How a Nissan Juke Became a Rally Underdog
Let’s just face it, the Nissan Juke has a face for radio, and that's about as much as anyone pays attention to.
A facelift for the second generation of the vehicle has improved it, but here in the US poor sales led to the much more conventional looking Kicks taking the compact crossover spot in Nissan’s lineup instead here.
Reviews for the car consistently found it to be surprisingly fun for its class, and skirted addressing the looks as describing the styling as “funky” and “quirky,” but save for the GTR powered Juke-R, the car community wrote it off into the same class as the PT Cruiser and the Aztek, just the next generation of commuter cars to make the butt of any joke.
Despite this, Lars Wolfe, a custom fabricator for the electric auto industry, has taken the Nissan Juke, and made it something great.
It all started back in 2010, when Wolfe’s then car and team hit a bit of a snag to say the least.
“I was lucky enough to be sponsored by Mitsubishi and BFGoodrich,” Wolfe explained, “but that partnership came to an abrupt end when they asked for the car back to be destroyed because it was not legal for the United States.”
“We had a good strong pull, we were getting a lot of traction, but I didn’t have a car or team anymore.”
Undeterred, Wolfe set out to build his own car, but being in a sea of Subaru and Mitsubishi, he thought he might get a bit more sponsorship interest with something else.
“I looked for all cars sold in the United states that were turbo, four-cylinder, and all-wheel-drive, and Juke came to the surface. I did some research, and I went and got one at auction.”
While the goal was AWD, the US AWD models only came with a CVT. To get started racing a manual front-wheel-drive drivetrain was swapped in. The car has also been stripped of excess weight, caged, turbocharged, had a limited-slip differential installed, and much more.
While this is easy said, it’s not so easy done.
“Everything on the car is one-off,” Wolfe explains.
“I’ve had to completely think about things out of the box, but being a prototype engineer and custom fabricator, it’s right in my wheelhouse and I enjoy doing that type of thing. And then with my sponsors, Nameless, Exedy, and Garret, they are all on board for jumping in with that engineering process, and it’s been a huge collaboration between myself and all the sponsors.”
So with the car on stage, and great sponsors on board for the unique Juke, things seem to be falling pretty well into place for the project.
Wolfe has been rallying the Juke platform in O2WD in the ARA since 2016, and despite the car’s rather unassuming looks, Wolfe and his Juke have made multiple class podiums, and even stage wins, such as at the recent Oregon Trail Rally where he won both running’s of Maryhill and two runnings of Shadow Buck in Regional O2WD, the latter of which he even managed to take first overall on.
Despite the success, Wolfe says his favorite times with the car aren’t about position.
“[This morning] we were at Parc Exposé and a fellow competitor came by,” Wolfe told DirtFish during service on Sunday at Oregon Trail Rally, “and he said, ‘Yesterday when you were transiting from The Dalles to Goldendale we were rolling up on you and it was raining, and it was just getting to be twilight.’”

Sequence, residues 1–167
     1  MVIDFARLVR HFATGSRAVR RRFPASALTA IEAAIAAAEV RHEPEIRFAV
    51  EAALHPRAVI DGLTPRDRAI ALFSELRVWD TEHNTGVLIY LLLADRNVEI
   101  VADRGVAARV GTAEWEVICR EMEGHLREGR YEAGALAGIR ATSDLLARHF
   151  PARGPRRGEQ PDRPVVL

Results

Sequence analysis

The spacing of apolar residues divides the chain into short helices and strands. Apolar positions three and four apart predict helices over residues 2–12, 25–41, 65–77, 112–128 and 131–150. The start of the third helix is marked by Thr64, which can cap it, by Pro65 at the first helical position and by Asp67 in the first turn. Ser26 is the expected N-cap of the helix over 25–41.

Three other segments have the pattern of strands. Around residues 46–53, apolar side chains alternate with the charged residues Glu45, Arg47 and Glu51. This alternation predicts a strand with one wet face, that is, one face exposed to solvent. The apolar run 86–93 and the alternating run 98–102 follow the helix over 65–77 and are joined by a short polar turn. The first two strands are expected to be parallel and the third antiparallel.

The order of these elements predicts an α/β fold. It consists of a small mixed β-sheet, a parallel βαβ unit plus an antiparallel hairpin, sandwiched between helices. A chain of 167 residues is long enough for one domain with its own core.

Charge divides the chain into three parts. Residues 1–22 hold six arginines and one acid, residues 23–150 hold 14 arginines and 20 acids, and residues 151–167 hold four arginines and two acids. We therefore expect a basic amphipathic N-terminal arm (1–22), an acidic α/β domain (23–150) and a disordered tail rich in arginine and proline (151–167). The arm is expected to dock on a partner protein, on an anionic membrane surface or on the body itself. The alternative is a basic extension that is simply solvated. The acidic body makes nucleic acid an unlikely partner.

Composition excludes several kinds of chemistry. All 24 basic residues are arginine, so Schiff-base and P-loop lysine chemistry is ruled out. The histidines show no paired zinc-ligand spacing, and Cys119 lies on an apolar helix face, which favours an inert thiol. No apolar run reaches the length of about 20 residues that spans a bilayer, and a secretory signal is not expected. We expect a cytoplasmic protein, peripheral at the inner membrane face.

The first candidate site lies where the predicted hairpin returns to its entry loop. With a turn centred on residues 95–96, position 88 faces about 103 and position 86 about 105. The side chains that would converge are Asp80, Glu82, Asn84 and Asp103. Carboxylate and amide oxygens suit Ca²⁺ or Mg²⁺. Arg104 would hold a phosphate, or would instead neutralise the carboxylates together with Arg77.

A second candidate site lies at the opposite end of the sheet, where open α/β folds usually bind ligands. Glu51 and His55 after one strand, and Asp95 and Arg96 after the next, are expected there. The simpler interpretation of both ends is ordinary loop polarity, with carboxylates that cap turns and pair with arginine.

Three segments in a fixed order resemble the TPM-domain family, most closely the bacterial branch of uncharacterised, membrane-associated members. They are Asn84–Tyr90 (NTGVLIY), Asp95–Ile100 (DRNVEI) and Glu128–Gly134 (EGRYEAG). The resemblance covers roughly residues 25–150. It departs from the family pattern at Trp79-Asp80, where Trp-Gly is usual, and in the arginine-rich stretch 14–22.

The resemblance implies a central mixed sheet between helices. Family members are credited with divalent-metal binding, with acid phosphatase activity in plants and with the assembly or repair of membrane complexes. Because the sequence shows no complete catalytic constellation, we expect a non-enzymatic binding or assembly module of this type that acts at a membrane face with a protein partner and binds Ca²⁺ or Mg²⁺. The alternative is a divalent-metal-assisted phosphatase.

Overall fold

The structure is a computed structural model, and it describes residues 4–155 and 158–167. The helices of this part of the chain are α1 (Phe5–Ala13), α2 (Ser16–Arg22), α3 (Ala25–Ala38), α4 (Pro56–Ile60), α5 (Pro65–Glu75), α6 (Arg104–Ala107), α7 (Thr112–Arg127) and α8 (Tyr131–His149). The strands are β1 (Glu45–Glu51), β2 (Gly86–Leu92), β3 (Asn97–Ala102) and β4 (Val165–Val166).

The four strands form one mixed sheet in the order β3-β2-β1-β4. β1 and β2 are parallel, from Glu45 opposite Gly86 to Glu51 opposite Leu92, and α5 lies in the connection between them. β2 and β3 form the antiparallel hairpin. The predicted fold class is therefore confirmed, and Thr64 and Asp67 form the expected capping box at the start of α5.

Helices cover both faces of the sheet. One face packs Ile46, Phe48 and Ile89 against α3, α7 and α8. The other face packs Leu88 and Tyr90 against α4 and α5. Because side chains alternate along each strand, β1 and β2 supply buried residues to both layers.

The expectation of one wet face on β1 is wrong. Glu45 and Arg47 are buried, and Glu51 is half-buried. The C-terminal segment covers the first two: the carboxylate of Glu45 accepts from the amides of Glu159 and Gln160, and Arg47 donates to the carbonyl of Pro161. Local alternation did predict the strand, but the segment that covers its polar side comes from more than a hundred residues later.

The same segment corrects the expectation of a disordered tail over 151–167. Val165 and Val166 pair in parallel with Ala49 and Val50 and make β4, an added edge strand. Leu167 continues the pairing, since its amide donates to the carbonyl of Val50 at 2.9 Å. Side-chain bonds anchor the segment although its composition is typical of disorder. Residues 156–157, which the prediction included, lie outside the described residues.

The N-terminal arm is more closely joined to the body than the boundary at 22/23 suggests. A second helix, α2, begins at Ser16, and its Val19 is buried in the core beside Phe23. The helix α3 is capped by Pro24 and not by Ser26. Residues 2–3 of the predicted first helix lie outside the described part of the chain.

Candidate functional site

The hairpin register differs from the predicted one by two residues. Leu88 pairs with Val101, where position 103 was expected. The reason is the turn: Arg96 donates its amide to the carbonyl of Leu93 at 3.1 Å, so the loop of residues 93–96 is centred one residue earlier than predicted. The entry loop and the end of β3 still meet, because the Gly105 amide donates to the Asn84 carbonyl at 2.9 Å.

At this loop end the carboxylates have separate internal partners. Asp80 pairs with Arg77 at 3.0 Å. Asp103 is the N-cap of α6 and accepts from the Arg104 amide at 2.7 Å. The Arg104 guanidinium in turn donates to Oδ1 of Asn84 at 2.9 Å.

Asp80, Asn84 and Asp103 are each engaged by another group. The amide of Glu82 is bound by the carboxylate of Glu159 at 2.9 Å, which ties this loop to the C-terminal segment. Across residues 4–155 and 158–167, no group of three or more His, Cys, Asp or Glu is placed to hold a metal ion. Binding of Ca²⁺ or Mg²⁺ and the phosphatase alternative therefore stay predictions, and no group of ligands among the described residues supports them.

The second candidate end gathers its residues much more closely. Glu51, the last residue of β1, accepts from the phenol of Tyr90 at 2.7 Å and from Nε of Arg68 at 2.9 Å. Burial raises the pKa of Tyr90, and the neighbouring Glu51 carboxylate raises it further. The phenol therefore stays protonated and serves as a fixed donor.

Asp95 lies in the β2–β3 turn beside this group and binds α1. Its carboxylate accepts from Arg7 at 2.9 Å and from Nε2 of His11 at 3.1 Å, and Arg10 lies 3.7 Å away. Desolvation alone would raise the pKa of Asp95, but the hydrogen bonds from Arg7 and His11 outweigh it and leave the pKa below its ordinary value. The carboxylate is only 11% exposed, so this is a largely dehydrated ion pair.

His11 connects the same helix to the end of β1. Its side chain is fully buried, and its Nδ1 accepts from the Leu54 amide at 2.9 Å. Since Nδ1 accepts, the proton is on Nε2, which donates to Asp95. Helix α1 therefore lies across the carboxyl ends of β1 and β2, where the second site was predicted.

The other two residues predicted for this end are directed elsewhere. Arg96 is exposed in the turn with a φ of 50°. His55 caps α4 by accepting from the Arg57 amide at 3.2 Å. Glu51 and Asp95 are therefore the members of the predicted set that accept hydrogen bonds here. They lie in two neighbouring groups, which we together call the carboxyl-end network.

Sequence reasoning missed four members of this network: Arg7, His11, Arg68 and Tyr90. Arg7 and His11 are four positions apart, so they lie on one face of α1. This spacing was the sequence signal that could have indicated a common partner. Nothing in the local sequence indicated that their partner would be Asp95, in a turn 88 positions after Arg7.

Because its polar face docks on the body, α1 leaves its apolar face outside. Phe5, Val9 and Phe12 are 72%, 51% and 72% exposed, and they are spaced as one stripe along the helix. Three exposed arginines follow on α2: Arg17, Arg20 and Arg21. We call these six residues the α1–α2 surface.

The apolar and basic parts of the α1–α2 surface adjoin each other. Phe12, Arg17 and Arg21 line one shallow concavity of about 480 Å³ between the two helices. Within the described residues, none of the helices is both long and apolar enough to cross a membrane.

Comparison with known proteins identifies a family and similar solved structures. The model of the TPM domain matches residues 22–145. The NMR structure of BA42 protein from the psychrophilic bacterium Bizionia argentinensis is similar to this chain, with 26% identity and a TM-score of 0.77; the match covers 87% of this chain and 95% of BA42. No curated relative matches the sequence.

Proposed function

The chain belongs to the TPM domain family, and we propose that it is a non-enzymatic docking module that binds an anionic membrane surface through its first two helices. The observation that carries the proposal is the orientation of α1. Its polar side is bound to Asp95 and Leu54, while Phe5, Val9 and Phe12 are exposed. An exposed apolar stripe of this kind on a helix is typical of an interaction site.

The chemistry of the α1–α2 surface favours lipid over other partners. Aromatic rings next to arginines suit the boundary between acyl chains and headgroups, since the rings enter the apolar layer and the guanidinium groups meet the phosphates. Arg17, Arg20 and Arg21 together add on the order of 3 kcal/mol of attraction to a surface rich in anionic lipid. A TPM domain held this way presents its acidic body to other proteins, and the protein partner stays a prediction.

“He was like, beaming!”
“And he said ‘we saw that car on the road and we were driving past you and it just felt like a WRC car! The wing! The way it looks! Everything! You see them on TV doing it…’” he trailed off.
“He was just super, super amped for a weird little car, that most of this country hates.”
“When I get those [moments]… I get a lot of them, and it really affirms why I chose this vehicle. It’s an ugly little duckling, frog, puffer fish, whatever you want to call it, but it’s great.”
If the Juke is already great, the plans for it that Wolfe has will only make it better.
“We are heavily working on two aspects of (the car).” He explained. “One is the all-wheel-drive system, right now we are manual two-wheel-drive, and we have parts coming for a manual all-wheel-drive, that will be the only one in the world currently competing, there was one before in the UK but it’s not competing anymore.”
“The second thing is the suspension. There are no suspension options for this car. I’ve actually retrofitted an Evo X suspension to bolt into this car, and I’m working very closely with the guys at Nameless, and we’re going to be doing a huge retrofit to the underside of this chassis to get more suspension travel. That is the limiting factor of that car. Once we fix that we’ll be a lot faster.”
The part about Wolfe’s Juke I find most impressive honestly is his own dedication to the platform. Many a time I’ve dreamt of putting the least likely car on stage just for the fun of it, but in my dreams I know I have no hope of finding any speed in a Toyota Previa, and figure to just have fun with it.
Wolfe has seen the actual potential in a car no one else did, and has continuously tried to engineer, build, and design countless one-off parts to make it a true performer.
While discussing the possibility of cars like the Juke becoming more common in rallying, Wolfe said he felt it doesn’t really matter at the end of the day what the car looks like.
“As soon as people realize that something that can be the soccer mom wagon or the soccer dad wagon could also be a race car, you’re gonna see people open up to it.”
“But in the end on a race car, a name is a name, under the skin it can be completely something else.”
You can probably expect to see the Nissan back in the PNW in the future, but for now a move to Arkansas will bring Wolfe and his operations to the Midwest, with a focus on events like Southern Ohio Forest Rally, 100 Acre Wood, and the Susquehannock Trail Performance Rally.
If you aren’t sold on Lars and his Juke, come see it in person. Maybe it’ll change your tune.